The exposition explores the urban regeneration tools for shrinking communities.
The exhibition analyses the economic change and demographic processes in comparison with European countries, explains the impact of urban shrinkage on urban space and suggests measures to help the local government to adapt to the shrinking process. The analysis is visualised in the form of texts and graphs mounted on one of the exhibition hall walls.
EV100 architecture programme “Great Public Spaces” is visualised on the four smaller screens on either side wall. Screens are featuring photos taken by the local people of the eight completed town squares and main streets, professional photos, a plan of the build-up squares and the names of the authors.
The most eye-catching object of the exposition is the large screen on the back wall featuring a short film of the demolition of an abandoned apartment building from the czarist era in Valga. The audience is encouraged to shape their personal opinion on the demolition. The film is directed by Anna Hints and the original score written by composer Liisa Hirsch.
The exhibition “Square! positively shrinking” explores the role of high-quality urban space in enhancing the future development perspective of depopulating small towns. It features activities to improve the urban environment with a focus on the redevelopment of central squares within the “Great Public Spaces” programme.
The phenomenon of shrinking cities is widespread across Europe and as a result of fundamental changes of the transition in 1989/1991, post-socialist Eastern Europe is even more affected. The influence of urbanisation and sub-urbanisation processes in the countries on local communities is often stronger than that of out-migration or low birth-rates on the state level. As a result, communities are losing population at a varying pace depending on their size and location. Altogether 45 Estonian towns out of 47 have lost some of their population since 2000.
The most visible symptoms of shrinkage in urban space are building vacancies and urban brownfields, the predominantly low quality of residential premises, visually unattractive unrenovated buildings and underinvested environment. An urban space with abandoned and underused buildings has a negative effect on the attitude of residents towards their home. They may lose pride in and place loyalty to their town and this, in turn, leads to a lack of initiative to improve it.
Shrinking municipalities need to concentrate on the quality of life of their residents. The attractiveness of urban space is important to achieve this goal. Urban space interventions in shrinking communities consist of building demolitions, active housing policy, historic building restoration and urban space revitalisation. The exhibition “Square! positively shrinking” focuses on the first and last from those interventions – building demolition and urban space revitalisation.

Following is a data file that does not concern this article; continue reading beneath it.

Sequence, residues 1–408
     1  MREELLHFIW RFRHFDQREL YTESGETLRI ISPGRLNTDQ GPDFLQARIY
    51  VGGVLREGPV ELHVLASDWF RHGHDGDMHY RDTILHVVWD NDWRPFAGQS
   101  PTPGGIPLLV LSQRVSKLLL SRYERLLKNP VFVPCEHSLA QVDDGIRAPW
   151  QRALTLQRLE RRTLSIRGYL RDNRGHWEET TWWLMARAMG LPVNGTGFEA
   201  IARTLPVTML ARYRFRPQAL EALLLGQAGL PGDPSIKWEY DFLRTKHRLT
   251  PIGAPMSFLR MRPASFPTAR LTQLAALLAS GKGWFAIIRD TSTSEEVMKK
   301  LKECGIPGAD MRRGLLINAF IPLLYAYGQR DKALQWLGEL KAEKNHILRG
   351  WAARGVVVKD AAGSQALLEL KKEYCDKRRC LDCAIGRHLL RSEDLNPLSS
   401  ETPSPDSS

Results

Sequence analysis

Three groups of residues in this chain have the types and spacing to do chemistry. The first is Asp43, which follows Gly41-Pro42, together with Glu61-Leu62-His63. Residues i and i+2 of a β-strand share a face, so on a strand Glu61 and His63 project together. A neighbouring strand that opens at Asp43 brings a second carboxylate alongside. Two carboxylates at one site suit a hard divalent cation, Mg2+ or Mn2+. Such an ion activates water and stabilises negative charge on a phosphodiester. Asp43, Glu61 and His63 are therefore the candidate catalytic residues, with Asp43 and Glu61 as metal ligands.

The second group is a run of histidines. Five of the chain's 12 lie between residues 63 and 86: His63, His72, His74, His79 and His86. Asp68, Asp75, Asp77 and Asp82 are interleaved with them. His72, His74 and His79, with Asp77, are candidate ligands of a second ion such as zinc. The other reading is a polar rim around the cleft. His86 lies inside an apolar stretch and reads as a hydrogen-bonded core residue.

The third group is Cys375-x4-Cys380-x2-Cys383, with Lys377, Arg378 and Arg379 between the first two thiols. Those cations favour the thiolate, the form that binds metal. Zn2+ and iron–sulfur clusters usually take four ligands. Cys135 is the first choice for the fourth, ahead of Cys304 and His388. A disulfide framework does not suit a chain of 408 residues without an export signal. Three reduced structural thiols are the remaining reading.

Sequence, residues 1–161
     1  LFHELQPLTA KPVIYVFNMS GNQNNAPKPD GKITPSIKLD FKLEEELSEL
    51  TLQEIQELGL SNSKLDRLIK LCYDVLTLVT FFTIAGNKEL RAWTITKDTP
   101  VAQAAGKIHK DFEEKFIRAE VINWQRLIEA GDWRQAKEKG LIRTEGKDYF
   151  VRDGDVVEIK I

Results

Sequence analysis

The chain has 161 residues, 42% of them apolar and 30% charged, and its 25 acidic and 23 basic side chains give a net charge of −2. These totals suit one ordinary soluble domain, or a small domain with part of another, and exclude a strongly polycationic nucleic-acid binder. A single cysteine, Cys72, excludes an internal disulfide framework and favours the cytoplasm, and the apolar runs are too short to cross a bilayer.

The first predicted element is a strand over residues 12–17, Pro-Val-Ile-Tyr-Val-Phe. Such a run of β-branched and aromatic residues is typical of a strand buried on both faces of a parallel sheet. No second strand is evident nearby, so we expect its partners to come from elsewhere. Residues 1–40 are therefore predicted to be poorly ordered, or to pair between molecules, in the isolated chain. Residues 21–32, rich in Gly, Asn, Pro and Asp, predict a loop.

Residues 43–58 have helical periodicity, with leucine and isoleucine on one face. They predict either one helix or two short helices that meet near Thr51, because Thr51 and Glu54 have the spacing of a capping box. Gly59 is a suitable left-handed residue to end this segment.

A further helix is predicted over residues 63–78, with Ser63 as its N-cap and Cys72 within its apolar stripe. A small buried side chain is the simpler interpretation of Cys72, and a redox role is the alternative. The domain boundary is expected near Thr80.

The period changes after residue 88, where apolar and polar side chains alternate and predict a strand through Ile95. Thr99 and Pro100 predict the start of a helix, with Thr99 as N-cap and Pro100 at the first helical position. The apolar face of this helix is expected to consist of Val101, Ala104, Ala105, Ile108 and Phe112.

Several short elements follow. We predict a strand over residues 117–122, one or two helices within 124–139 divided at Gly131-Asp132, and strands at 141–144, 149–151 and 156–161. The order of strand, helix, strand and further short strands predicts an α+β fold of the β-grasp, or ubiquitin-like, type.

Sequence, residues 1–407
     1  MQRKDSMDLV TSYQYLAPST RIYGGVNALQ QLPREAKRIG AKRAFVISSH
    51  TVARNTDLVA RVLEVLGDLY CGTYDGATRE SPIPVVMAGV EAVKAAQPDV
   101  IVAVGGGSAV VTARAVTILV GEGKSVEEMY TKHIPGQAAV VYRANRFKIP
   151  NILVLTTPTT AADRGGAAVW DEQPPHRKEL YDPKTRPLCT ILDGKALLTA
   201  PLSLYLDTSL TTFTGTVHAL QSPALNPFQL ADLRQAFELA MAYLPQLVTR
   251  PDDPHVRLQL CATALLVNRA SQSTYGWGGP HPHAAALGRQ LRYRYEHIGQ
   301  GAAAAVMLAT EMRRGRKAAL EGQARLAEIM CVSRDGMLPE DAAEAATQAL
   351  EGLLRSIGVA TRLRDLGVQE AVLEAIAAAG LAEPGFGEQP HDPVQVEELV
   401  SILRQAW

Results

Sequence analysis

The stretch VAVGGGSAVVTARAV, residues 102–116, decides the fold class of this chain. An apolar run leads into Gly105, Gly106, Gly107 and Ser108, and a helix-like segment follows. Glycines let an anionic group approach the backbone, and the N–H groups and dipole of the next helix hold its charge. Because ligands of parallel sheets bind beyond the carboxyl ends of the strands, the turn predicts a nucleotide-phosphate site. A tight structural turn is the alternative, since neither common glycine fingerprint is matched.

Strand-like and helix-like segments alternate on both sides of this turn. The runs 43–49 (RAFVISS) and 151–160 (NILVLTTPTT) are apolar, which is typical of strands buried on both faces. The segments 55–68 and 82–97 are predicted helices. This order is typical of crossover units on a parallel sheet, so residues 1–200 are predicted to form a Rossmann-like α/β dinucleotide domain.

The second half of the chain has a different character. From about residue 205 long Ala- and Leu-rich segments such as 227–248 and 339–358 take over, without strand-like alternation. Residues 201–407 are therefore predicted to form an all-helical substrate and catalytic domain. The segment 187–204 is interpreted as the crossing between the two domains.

The exhibition presents a short film of the demolition of a 120-year-old wooden apartment building in Valga town which had remained empty two decades ago. With demolitions, something always disappears for good. Particularly older buildings tend to carry a distinct historic, architectural, emotional etc. value and the decision to have them demolished should not be taken easily. But demolition is not only negative. For local inhabitants, the structure’s removal symbolized the beginning of a change – an action which can bring a better future. Therefore, demolitions should remain as one of the tools used by the local government to adapt the town to the needs of the actual population and to enhance the positive development of the entire town.
The programme “Great Public Spaces”, presented in the exhibition, is a remarkable example of urban space revitalization in shrinking urban areas. The aim of the programme was to renew the centres, main squares as well as the main streets in Estonian towns by 2020 as a gift from architects to the Republic of Estonia celebrating its 100th anniversary. The town squares in Tõrva, Põlva, Valga and Rapla were completed in 2018, in Võru and Kuressaare in 2019 and Elva and Rakvere in 2020.
None of the presented activities is able to change the future perspective of the shrinking towns alone and even together they compose only a part of the urban revitalization strategies to overcome the outcomes of population shrinkage. But they need to be addressed. The quality and attractiveness of urban space matters, especially in shrinking communities.